CDC Reports Early Childhood Immunization Rates Increasing

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Toddler receives polio vaccination: Image courtesy of CDC

1, September 2011: A Centers for Disease Control and Prevention (CDC) national  survey shows immunization rates for children 10-35 months of age are either increasing, or are being sustained at high levels.  “Rates for most of the long-standing recommended vaccines are at or above 90%,” CDC reported today.

Most parents are protecting their young children from dangerous diseases 

“Today’s report is reassuring because it means that most parents are protecting their young children from diseases that can cause widespread and sometimes severe harm,” says Anne Schuchat, MD, director of CDC’s National Center for Immunization and Respiratory Diseases.  “We recommend vaccinations because they are one of the most effective, safest ways to keep children healthy.”

National Immunization survey (NIS) looked at more than 17,000 households in 2010

Compared to the previous year,  vaccine coverage for children born between January 2007 and July 2009 increased for measles, mumps and rubella, rotavirus,  pneumococcal disease, hepatitis A, and Haemophilus influenza type B (Hib).  Immunization against poliovirus, chickenpox (varicella virus) and the full series of hepatitis B vaccinations remained stable at 90 percent.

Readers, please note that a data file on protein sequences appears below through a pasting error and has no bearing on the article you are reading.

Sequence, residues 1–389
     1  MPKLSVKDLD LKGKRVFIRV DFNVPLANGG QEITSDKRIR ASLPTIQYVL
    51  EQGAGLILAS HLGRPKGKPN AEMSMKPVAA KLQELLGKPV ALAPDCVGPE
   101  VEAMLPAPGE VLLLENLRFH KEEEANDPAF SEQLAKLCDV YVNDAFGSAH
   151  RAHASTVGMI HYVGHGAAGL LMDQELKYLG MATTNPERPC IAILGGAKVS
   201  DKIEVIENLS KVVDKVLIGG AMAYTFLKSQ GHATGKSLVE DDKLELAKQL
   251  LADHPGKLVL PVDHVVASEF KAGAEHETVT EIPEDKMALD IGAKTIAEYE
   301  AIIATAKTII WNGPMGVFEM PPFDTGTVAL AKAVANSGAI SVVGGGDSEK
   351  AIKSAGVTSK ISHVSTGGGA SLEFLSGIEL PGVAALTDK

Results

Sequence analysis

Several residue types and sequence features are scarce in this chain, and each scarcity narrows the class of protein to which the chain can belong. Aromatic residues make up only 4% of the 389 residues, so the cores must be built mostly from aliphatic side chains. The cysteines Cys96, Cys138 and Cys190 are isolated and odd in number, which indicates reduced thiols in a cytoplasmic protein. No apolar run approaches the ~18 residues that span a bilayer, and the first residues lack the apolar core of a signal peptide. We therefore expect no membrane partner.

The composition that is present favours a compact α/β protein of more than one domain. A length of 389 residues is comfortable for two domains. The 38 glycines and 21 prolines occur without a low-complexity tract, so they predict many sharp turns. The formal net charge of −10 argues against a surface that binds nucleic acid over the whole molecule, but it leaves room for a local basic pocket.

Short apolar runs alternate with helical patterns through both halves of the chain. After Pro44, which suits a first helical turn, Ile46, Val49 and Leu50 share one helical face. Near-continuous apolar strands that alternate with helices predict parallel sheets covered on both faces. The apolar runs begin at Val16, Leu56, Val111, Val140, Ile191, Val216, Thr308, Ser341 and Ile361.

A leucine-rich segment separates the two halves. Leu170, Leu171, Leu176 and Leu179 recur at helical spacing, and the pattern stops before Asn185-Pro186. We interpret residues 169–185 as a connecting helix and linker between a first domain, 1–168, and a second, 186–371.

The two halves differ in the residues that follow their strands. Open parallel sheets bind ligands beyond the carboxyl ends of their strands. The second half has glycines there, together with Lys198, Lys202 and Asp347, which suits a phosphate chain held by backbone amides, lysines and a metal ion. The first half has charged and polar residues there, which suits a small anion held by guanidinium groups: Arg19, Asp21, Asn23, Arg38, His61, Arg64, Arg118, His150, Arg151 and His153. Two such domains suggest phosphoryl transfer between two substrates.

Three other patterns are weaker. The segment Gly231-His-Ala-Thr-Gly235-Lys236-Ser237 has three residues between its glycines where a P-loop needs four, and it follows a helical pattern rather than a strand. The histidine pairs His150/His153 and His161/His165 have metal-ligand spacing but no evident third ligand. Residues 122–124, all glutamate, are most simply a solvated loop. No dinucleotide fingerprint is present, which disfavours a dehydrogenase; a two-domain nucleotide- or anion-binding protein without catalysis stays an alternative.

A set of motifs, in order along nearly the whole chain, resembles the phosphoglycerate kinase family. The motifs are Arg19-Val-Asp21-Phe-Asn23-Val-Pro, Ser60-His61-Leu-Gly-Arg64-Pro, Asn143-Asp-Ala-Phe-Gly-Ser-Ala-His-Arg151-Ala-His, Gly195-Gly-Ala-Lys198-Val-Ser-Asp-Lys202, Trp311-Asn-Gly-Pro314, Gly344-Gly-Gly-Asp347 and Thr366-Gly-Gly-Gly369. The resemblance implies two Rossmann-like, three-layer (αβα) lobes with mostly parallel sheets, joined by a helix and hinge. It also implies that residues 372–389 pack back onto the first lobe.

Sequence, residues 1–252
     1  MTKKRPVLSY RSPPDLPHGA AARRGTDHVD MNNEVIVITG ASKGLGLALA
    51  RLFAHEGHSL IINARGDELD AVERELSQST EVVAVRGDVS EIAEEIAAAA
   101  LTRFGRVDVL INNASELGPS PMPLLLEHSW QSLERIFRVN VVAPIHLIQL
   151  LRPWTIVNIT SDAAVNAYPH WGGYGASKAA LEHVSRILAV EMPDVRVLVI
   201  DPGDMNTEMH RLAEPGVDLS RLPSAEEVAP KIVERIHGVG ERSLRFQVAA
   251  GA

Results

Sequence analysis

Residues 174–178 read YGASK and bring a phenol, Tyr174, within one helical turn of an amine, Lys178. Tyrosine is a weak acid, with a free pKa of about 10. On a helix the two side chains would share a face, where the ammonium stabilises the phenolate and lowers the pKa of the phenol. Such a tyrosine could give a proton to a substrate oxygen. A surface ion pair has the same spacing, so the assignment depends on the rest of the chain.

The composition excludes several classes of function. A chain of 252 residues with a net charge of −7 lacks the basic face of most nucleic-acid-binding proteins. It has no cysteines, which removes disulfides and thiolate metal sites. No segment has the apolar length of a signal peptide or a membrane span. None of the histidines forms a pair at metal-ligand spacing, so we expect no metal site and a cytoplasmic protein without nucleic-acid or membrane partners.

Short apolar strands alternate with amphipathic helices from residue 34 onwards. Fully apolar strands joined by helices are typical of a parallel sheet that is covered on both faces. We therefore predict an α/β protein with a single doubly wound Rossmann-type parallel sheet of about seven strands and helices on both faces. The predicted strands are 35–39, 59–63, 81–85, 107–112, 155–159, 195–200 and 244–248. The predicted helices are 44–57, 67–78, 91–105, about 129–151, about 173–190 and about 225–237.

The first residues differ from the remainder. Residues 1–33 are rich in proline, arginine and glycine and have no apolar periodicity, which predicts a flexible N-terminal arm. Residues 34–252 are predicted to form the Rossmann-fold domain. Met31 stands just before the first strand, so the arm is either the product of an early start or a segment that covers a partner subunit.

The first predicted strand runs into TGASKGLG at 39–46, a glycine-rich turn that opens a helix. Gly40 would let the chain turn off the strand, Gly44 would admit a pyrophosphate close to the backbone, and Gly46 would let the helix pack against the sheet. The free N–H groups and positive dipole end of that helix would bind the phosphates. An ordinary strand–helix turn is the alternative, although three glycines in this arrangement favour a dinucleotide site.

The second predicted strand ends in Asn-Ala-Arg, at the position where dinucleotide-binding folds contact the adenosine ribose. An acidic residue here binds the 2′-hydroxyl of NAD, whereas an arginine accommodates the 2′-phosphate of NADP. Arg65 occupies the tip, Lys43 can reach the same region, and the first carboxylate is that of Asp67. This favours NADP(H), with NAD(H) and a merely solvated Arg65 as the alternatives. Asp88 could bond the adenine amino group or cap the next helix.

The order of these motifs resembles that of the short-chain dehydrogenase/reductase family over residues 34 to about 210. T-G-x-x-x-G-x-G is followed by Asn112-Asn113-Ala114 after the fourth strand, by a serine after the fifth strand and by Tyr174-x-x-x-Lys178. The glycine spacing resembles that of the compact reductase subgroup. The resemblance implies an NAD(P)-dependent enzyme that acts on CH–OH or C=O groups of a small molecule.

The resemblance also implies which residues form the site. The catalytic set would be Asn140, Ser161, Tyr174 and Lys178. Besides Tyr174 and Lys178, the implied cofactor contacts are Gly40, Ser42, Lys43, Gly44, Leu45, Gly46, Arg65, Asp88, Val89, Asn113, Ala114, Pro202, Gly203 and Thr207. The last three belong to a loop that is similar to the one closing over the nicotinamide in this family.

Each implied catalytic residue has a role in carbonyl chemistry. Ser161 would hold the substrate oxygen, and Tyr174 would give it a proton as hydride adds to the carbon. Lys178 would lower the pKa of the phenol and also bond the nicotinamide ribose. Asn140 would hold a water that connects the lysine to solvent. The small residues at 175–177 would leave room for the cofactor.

However, Dr. Schuchat cautions that there are still outbreaks of measles and whooping cough which shows that vaccine-preventable diseases are still a risk.  “It is important that healthcare providers, community groups, and state programs support parents in assuring that children are protected from vaccine-preventable diseases.”

Recent increases in immunizations among minority children

“In marked contrast to other health services, where substantial disparities between whites and minorities persist,” according to CDC, “immunization rates did not differ by racial or ethnic groups for most vaccines.”  Because of the recent increases in coverage among minority children, vaccination levels for most vaccines were similar to or higher than those among white children.

NIS shows less than one percent of toddlers unvaccinated 

Despite the focus on parent who do not vaccinate their children or seek exemptions from required immunizations, the CDC’s National Survey found that less than one percent of children born between January 2007 and July 2009 had received no immunizations at all. 

Complete results from the 2010 National Immunization Survey can be found at: www.cdc.gov.

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